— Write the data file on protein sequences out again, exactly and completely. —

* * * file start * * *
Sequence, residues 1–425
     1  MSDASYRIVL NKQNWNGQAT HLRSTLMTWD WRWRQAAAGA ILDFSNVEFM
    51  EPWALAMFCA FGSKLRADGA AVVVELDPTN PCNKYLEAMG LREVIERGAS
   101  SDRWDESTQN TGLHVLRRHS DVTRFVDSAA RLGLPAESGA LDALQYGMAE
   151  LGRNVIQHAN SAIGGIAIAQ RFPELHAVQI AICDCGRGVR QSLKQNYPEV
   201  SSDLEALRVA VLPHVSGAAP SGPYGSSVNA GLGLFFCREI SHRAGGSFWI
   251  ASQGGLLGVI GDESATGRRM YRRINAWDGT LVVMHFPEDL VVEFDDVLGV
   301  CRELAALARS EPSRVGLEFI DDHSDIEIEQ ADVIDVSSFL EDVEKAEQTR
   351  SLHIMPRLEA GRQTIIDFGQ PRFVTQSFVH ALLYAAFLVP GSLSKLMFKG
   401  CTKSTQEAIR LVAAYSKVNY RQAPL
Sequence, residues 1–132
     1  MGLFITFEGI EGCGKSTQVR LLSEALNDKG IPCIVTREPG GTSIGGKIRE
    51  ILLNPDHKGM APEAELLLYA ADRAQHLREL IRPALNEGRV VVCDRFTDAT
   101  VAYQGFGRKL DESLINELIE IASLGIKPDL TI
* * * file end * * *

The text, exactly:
Sequence, residues 1–425
     1  MSDASYRIVL NKQNWNGQAT HLRSTLMTWD WRWRQAAAGA ILDFSNVEFM
    51  EPWALAMFCA FGSKLRADGA AVVVELDPTN PCNKYLEAMG LREVIERGAS
   101  SDRWDESTQN TGLHVLRRHS DVTRFVDSAA RLGLPAESGA LDALQYGMAE
   151  LGRNVIQHAN SAIGGIAIAQ RFPELHAVQI AICDCGRGVR QSLKQNYPEV
   201  SSDLEALRVA VLPHVSGAAP SGPYGSSVNA GLGLFFCREI SHRAGGSFWI
   251  ASQGGLLGVI GDESATGRRM YRRINAWDGT LVVMHFPEDL VVEFDDVLGV
   301  CRELAALARS EPSRVGLEFI DDHSDIEIEQ ADVIDVSSFL EDVEKAEQTR
   351  SLHIMPRLEA GRQTIIDFGQ PRFVTQSFVH ALLYAAFLVP GSLSKLMFKG
   401  CTKSTQEAIR LVAAYSKVNY RQAPL
Sequence, residues 1–132
     1  MGLFITFEGI EGCGKSTQVR LLSEALNDKG IPCIVTREPG GTSIGGKIRE
    51  ILLNPDHKGM APEAELLLYA ADRAQHLREL IRPALNEGRV VVCDRFTDAT
   101  VAYQGFGRKL DESLINELIE IASLGIKPDL TI